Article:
Friday, August 10, 2018

Book Bites: Earl Javorsky, Author of Down to No Good

Today's Book Bites interview is with Earl Javorsky, author of Down to No Good, the second novel in Javorsky's Charlie Miner P.I. series. (And Miner is back from the dead, just to give you an idea of the quirky ride you're in for!) Read on as Javorsky talks about "paranormal noir," not having a writing routine and what his idea of success is. Happy Reading!
"Earl Javorsky's Down to No Good is wildly original, wildly energetic,wildly funny--it's just straight up wild, and I mean that in the best possible way."
Lou Berney, Edgar Award-winning author of The Long and Faraway Gone

What drew you to the genre you write in?

My Charlie Miner books are a weird hybrid. Some would call them hardboiled/paranormal mashup, but I prefer to call them metaphysical noir. First of all, although I grew up on science fiction and read some horror—Stephen King, Peter Straub, etc.—in my teens, I’m more of a crime/mystery reader, so the sudden emergence of a paranormal noir narrative was a fluke of the moment. Or not. Perhaps it was inevitable.

I was sitting at my desk one day and wrote this sentence: They say once a junkie, always a junkie, but this is ridiculous. I haven’t been dead more than a few hours and I already need a fix. I contemplated that goofy line for a while and wrote the first ten pages, creating Charlie as a drug-addicted PI who now has to go solve his own murder. Down Solo borrows from Stephen King only to the extent that, generally, people don’t reanimate their bodies and continue daily life. Otherwise, the novel is more or less a straightforward (well, slightly convoluted) Chandleresque mystery.

By the way, my second novel, Trust Me, is a much more conventional thriller involving a sex predator in the Los Angeles recovery community. It’s based on a real character, although he never murdered anyone. I felt the story had to be told. I’d say it pretty much dictated the genre as it unfolded.

Who was your intended audience for the novel?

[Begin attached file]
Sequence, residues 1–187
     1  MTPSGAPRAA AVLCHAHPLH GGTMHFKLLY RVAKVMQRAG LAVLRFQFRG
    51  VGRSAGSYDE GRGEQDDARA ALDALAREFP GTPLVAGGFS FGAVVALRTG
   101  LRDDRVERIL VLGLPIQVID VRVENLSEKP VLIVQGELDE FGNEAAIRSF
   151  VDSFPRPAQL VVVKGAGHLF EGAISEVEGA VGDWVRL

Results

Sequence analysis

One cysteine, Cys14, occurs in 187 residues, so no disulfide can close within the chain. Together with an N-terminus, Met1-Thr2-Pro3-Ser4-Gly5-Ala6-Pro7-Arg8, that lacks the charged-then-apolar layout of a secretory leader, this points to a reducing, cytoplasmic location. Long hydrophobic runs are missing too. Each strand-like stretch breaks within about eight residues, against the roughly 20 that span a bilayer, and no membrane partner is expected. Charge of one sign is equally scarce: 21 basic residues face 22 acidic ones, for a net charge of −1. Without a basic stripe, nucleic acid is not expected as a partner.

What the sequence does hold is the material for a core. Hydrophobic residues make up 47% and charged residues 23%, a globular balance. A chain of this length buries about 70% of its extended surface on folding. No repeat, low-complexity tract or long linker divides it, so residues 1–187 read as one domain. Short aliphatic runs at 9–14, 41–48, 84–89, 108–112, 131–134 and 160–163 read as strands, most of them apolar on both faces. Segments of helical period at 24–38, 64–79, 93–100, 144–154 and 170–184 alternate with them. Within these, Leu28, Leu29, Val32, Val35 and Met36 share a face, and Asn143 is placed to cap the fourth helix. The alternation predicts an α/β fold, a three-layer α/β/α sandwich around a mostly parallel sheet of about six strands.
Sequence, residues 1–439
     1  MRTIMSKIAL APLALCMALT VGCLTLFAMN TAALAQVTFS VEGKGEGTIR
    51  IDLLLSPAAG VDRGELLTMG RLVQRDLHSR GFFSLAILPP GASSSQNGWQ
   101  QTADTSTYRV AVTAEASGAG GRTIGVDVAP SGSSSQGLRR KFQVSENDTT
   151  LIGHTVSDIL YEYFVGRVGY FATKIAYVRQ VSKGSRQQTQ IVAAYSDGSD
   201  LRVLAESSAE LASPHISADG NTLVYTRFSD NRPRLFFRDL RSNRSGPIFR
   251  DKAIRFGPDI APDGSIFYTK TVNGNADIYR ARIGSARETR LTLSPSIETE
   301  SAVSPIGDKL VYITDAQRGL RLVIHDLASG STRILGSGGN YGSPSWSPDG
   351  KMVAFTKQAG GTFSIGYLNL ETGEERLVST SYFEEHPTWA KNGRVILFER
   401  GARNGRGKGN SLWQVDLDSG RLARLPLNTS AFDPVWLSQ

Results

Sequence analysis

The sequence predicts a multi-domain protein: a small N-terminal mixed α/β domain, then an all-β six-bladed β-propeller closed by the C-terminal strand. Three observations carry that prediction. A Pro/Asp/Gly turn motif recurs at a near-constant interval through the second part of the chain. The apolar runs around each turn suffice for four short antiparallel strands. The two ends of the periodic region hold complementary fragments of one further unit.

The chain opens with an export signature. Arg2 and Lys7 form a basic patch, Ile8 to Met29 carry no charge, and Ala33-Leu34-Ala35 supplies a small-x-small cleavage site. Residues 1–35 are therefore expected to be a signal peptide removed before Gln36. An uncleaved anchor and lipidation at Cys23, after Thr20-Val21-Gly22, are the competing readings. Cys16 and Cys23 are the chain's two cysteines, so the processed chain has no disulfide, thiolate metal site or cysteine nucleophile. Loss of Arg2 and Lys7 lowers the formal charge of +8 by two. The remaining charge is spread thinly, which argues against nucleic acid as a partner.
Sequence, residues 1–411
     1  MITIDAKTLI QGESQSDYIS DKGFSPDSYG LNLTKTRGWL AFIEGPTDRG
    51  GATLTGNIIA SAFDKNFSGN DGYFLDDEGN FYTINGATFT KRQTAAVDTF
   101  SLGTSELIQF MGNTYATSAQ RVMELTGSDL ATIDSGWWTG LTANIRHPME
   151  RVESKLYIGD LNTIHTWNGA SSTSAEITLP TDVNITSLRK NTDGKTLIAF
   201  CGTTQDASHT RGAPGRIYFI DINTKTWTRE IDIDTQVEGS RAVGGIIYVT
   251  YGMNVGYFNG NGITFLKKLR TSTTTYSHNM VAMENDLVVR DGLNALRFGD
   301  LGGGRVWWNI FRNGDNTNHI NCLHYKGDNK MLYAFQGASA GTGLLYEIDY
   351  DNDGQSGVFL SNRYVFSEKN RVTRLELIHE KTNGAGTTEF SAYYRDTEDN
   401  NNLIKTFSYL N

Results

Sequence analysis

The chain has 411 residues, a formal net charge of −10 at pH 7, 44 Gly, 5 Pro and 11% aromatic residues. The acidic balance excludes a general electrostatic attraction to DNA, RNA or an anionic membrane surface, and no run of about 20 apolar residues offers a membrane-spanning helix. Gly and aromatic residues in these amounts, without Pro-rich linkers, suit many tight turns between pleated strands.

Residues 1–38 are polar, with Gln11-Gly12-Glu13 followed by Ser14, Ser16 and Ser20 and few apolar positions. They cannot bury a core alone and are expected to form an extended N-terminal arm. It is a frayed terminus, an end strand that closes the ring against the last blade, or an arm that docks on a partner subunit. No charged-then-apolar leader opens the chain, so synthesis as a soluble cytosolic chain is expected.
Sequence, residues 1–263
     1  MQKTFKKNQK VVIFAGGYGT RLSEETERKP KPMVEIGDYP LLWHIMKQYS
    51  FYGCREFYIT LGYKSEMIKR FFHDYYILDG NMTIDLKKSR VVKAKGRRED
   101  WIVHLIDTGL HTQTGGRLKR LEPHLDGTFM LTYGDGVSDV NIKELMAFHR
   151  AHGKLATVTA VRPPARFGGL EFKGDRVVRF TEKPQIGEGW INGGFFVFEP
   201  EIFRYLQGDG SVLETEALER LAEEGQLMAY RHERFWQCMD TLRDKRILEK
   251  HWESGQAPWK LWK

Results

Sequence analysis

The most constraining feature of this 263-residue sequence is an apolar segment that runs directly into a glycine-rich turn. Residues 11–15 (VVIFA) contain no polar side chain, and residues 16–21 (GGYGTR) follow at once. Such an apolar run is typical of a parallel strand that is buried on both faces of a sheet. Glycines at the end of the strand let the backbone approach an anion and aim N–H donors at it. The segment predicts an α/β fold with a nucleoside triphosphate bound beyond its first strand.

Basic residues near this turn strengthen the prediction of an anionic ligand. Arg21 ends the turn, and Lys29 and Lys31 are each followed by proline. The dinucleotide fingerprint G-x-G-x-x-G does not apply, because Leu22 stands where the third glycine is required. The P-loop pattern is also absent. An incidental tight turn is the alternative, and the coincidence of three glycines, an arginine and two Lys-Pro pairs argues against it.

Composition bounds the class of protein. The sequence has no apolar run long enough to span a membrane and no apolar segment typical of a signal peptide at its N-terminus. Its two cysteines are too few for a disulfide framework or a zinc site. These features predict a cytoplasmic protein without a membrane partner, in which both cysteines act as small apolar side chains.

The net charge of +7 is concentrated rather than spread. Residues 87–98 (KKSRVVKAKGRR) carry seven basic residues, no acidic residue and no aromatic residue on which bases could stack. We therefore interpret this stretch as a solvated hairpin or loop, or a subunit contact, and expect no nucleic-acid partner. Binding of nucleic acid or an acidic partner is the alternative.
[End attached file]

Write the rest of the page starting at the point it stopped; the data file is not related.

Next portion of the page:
Well, this flows from the first question. Mystery/Hardboiled/Noir readers who can accommodate an element of the fantastical. I wrote in 1st-person present tense in order to create the immediacy of Charlie’s experience, which is as strange to him as it is to the reader. My hope is that this makes it easier to accept.

Also, I’d like to reach the recovery community with all my books, as altered consciousness and substance abuse—and the thoughts, feelings, and actions that flow from them—drive the characters in different ways than ordinary motivations.

Do you have a set routine as a writer?

I have no set routine. I come up with an idea and—each time—I create a Rubik’s cube of a structural puzzle that paralyses me. How am I going to get to where I think this is going? If I write this, then that can’t happen, and if I go down this path I’m committed to it and might wind up doing a lot of work I’ll then have to undo. With Down Solo, I wrote ten pages in the initial sitting and then had no idea what to do with it; two months later I had a vision of how it could unfold. Unfortunately, I completed the narrative arc at page 100 and had a novella. It took six months of inaction before it occurred to me that there were deeper levels I could plumb—that I had only set the stage for the real story. Then I worked in spurts for about a month and finally finished.

In your eyes, what does it mean to be a “successful” writer?

Well it’s certainly not about money or fame. If I could orchestrate reality (God knows I’ve tried), I would be self-sufficient as a writer with a loyal cult following. Short of that, I vacillate: On the one hand, I feel successful in having reached people with my fiction and having been validated by quite a few writers whom I respect; on the other, I have to admit to being disappointed in the distribution aspect, and frustrated with the whole self-marketing charade. But I have to walk that last bit back, because here I am, interacting with you and your readers, and, if anyone’s gotten this far, we’ve connected. And that has its own indefinable value.

Are there any writers you’re jealous of?

A few come to mind. James Lee Burke for his gorgeous prose and his insight into character. Iain Pears and Vikram Chandra for their ability to weave multiple threads into massive, intricate, and fascinating tapestries. And Michael Gruber for having written The Tropic of Night and dancing on the edge of reality.

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